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Autoimmunity and microbiota

Environment (physical insults, toxins, nutrition and microorganisms) influences development of autoimmune diseases. Pathogenic, pathobiotic and commensal microorganisms contribute to disease progression in genetically susceptible hosts. Germ-free animals or defined-microbiota colonized animals are valuable tools for understanding microbial influences on autoimmunity, especially if they could be genetically modified.

Type 1 diabetes (T1D) susceptible NOD mice were used as an autoimmunity model to test the role of microbiota in disease development and we have determined that microbiota manipulates innate immune system affecting T1D progression.In addition, we found that metabolic changes affecting T1D pathogenesis work indirectly through microbiota. Thus, genetics, microbiota, metabolism and likely dietary challenges, can all affect development of autoimmune diseases.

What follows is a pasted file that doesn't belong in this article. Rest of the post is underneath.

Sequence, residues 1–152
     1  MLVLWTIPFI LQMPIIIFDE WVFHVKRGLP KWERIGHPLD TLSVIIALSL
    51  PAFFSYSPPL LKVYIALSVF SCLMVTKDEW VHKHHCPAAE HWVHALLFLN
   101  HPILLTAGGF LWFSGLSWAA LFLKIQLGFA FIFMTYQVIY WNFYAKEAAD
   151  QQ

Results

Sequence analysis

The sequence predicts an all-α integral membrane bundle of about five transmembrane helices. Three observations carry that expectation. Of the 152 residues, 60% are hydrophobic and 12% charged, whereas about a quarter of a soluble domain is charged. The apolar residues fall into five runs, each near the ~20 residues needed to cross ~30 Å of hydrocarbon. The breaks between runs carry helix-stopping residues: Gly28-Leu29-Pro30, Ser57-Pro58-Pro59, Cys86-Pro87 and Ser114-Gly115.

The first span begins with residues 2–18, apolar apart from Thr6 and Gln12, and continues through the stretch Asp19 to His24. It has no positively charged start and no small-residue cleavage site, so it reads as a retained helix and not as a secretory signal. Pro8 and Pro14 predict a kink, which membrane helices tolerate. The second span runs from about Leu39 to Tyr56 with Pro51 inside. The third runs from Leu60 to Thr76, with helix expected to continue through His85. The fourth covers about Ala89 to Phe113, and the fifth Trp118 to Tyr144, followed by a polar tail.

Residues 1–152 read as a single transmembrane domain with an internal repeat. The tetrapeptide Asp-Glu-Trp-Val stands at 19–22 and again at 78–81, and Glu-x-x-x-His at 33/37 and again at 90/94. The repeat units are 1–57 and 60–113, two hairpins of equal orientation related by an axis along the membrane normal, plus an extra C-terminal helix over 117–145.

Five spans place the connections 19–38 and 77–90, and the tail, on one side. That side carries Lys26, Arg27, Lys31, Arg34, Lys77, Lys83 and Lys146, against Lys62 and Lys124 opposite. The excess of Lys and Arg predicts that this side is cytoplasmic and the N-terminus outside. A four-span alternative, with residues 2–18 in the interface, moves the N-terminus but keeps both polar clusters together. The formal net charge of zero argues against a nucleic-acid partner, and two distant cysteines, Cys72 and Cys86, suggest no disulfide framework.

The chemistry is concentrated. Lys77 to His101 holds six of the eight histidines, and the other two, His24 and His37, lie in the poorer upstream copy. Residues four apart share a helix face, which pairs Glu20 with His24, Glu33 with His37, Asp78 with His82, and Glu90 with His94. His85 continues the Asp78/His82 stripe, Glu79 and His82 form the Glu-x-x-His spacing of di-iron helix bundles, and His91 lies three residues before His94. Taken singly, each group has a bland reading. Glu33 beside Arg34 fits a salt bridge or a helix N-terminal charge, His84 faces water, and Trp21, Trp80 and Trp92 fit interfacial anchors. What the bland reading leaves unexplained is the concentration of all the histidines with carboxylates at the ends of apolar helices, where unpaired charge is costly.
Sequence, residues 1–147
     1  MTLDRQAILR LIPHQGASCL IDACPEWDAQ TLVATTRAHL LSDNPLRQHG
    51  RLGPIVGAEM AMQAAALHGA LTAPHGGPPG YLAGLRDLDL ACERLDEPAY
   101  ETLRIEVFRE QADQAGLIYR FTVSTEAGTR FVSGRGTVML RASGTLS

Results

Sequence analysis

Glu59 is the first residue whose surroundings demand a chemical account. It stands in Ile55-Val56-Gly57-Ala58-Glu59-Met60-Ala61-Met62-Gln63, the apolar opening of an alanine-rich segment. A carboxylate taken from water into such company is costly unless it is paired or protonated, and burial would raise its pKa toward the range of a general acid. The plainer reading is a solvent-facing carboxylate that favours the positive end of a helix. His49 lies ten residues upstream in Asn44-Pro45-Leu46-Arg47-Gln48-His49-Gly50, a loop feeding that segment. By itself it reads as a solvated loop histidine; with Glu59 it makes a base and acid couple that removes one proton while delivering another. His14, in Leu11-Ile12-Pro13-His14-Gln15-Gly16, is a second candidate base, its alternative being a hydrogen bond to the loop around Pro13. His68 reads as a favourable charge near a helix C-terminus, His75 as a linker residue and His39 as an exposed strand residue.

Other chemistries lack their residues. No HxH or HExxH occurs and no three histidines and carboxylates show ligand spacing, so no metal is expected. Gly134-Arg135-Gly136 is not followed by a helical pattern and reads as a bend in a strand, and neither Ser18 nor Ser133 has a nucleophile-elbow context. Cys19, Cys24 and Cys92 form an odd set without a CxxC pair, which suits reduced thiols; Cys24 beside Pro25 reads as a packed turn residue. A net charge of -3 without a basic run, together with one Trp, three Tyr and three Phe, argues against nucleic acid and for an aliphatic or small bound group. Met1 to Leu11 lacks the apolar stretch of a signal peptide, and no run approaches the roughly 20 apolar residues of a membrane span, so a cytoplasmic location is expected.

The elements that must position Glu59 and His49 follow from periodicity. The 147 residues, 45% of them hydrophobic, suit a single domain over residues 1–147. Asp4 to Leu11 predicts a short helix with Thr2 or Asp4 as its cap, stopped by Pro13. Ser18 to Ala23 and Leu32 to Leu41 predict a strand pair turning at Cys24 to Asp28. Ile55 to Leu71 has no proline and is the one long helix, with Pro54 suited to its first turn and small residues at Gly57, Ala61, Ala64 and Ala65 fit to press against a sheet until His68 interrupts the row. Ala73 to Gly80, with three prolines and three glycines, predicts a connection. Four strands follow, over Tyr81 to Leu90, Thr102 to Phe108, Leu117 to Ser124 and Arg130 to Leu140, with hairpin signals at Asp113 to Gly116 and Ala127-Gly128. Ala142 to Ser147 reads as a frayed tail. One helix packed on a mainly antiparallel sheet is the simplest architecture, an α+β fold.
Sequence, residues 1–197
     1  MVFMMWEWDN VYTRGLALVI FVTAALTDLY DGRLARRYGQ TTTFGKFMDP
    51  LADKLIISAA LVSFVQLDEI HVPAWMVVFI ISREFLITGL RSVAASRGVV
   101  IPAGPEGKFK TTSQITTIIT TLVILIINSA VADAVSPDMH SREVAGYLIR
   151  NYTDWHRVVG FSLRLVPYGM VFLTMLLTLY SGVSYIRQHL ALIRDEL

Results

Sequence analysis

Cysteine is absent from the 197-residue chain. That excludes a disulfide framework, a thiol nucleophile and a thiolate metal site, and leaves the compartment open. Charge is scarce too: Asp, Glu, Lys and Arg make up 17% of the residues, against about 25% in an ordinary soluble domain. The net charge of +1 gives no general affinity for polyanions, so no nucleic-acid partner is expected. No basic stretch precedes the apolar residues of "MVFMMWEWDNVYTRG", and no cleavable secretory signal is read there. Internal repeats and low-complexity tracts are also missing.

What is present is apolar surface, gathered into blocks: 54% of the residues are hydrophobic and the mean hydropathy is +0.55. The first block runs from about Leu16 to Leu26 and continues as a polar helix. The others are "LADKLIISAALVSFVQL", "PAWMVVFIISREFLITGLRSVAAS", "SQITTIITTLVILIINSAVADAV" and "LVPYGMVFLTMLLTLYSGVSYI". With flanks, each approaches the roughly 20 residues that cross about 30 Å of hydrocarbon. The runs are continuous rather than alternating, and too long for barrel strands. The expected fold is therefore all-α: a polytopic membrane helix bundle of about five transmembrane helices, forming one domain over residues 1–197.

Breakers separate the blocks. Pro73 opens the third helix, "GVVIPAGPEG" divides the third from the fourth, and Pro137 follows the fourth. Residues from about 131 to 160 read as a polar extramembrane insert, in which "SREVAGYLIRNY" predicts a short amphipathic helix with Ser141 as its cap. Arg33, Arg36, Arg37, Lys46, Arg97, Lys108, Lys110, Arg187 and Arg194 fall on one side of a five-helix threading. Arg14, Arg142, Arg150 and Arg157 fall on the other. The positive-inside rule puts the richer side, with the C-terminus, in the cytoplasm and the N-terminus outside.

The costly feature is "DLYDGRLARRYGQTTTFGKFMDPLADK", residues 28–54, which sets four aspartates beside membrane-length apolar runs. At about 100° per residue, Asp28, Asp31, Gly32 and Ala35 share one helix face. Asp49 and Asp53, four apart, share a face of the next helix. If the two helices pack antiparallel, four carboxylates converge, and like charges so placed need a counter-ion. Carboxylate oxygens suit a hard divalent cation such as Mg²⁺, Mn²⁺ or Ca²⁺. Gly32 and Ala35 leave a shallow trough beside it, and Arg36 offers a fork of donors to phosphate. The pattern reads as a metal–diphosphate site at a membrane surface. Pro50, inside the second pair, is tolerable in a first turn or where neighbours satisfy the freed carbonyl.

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Correspondence to Alexander Chervonsky.

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This article is published under license to BioMed Central Ltd. This is an open access article distributed under the terms of the Creative Commons Attribution License (http://creativecommons.org/licenses/by/2.0), which permits unrestricted use, distribution, and reproduction in any medium, provided the original work is properly cited.

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Chervonsky, A. Autoimmunity and microbiota. J Transl Med 9, I13 (2011). https://doi.org/10.1186/1479-5876-9-S2-I13

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Keywords

  • Immune System
  • Autoimmune Disease
  • Metabolic Change
  • Disease Development
  • Innate Immune System